Ellie Mae O’Hagan writes about the “anti-woke backlash”. She argues that in the 1990s and 2000s socially liberal values became the “new normal”, with even the Conservative party becoming nicer and introducing legislation such as equal marriage. It seemed unimaginable at the time, but that consensus is unravelling very quickly.
…as the tide of 90s social liberalism has ebbed, it has also revealed another group of people (primarily older, white homeowners and pensioners) who had never bought into the consensus in the first place, and are aggressively hostile to its newer, more radical iteration.
We all know a member of this demographic: alienated by the modern world and displeased by change, they are fond of complaining that “You can’t say anything any more!” – even as their opinions are widely reproduced in the nation’s print media.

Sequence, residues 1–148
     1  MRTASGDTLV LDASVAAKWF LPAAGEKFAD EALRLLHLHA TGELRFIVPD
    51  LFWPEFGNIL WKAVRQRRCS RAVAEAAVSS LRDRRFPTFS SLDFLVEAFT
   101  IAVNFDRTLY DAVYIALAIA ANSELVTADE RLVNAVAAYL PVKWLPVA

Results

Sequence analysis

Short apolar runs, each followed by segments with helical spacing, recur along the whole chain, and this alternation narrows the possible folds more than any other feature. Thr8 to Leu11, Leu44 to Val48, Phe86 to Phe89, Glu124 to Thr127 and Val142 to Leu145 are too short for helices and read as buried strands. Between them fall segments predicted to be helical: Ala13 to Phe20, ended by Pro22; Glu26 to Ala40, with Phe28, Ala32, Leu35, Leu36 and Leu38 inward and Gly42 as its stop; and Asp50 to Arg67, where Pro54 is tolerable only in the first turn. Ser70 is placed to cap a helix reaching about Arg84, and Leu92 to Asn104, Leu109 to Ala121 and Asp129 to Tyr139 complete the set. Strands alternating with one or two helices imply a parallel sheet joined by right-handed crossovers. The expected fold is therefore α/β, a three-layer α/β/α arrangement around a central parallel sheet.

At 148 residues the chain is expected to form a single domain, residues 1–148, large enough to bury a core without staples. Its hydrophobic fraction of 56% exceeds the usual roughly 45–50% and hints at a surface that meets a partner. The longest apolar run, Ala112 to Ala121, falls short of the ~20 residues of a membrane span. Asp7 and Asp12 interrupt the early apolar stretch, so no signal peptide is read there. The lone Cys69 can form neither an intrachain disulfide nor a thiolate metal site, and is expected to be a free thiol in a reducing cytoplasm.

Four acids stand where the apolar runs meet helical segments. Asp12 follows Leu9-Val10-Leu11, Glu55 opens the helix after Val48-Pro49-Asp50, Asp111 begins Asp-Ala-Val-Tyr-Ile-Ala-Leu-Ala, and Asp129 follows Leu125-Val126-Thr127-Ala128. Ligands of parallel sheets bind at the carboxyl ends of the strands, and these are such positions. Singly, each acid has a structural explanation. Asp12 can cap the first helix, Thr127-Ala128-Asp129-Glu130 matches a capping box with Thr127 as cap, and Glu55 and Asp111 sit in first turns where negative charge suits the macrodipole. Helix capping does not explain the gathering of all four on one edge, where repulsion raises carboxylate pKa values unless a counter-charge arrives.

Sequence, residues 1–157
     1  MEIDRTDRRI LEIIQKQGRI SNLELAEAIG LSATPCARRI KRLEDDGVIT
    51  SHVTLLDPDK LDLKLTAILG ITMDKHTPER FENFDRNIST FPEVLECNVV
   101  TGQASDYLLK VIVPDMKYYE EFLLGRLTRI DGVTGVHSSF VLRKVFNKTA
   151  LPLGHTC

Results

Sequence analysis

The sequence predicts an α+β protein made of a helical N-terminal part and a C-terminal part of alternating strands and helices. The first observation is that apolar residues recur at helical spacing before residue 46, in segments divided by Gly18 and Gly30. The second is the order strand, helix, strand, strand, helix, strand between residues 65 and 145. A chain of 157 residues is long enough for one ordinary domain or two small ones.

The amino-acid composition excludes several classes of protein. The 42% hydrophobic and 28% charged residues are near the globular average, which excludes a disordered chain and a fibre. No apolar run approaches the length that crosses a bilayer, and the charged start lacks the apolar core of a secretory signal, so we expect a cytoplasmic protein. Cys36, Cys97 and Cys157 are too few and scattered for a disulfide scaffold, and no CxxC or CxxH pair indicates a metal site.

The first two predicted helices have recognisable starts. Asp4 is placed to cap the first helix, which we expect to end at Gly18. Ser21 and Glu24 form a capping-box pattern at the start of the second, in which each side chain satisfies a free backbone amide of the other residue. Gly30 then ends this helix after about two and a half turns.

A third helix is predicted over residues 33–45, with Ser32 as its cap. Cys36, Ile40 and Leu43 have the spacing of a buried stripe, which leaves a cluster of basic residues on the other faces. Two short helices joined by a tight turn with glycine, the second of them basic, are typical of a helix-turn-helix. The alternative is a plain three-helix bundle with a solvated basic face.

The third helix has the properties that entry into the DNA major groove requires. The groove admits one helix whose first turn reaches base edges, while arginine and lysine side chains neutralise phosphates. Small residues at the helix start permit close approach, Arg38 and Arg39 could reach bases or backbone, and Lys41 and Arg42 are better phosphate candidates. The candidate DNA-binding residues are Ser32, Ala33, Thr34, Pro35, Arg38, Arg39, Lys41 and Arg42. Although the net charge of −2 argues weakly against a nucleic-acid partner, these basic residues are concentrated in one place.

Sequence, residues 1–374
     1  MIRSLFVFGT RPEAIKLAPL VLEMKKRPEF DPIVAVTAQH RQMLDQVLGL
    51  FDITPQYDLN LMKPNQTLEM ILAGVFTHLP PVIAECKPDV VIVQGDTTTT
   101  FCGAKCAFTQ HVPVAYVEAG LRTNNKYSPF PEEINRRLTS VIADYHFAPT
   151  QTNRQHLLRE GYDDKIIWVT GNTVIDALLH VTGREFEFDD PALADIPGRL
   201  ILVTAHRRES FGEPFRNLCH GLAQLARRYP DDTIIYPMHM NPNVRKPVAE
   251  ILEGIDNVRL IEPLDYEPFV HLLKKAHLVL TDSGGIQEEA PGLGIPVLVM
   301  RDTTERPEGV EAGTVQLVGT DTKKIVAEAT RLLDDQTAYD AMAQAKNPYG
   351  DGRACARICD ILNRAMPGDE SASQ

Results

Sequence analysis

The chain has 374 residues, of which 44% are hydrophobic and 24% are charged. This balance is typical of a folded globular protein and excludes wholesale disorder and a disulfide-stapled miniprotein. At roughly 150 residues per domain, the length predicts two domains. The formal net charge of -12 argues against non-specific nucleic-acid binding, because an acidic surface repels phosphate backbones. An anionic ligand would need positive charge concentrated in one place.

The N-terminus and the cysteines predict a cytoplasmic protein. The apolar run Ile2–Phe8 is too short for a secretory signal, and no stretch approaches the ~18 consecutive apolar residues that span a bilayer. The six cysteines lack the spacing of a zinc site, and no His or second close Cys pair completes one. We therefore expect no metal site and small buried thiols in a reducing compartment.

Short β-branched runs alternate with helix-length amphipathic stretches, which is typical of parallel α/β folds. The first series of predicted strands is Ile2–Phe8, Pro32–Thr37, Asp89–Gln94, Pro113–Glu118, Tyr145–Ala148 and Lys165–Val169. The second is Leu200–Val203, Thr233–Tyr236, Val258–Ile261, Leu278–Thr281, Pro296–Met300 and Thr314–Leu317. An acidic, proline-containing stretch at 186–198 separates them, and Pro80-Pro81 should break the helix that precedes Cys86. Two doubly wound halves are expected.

And the nation’s print media are happy to pander to them, not least because they’re the demographic that still buys the nation’s print media and that advertisers most want to reach.
Having spent so long feeling silenced by the liberal consensus, people in this group have been given a new lease of life by the right’s new insurgents. Not only were they correct all along; they were actually victims, zealously persecuted by an oversensitive and censorious society. It is this righteous indignation that lends their antipathy to wokeness a defiant and almost celebratory quality. As a friend of mine puts it, we are living in “bigot Christmas”.
As O’Hagan points out, if this group’s claims of persecution were really true the country and the world would look very different. But just because something isn’t true doesn’t mean people don’t believe it.
O’Hagan’s piece isn’t an attack on those people. It’s a warning to the rest of us, because the so-called anti-woke are often “parroting arguments that are largely advanced by the far right”. And they’re winning.
Progressives need to wise up to the fact that they are losing this argument and decide what they are going to do in response. If they don’t, they may soon find that the future they always assumed was theirs is being made without them.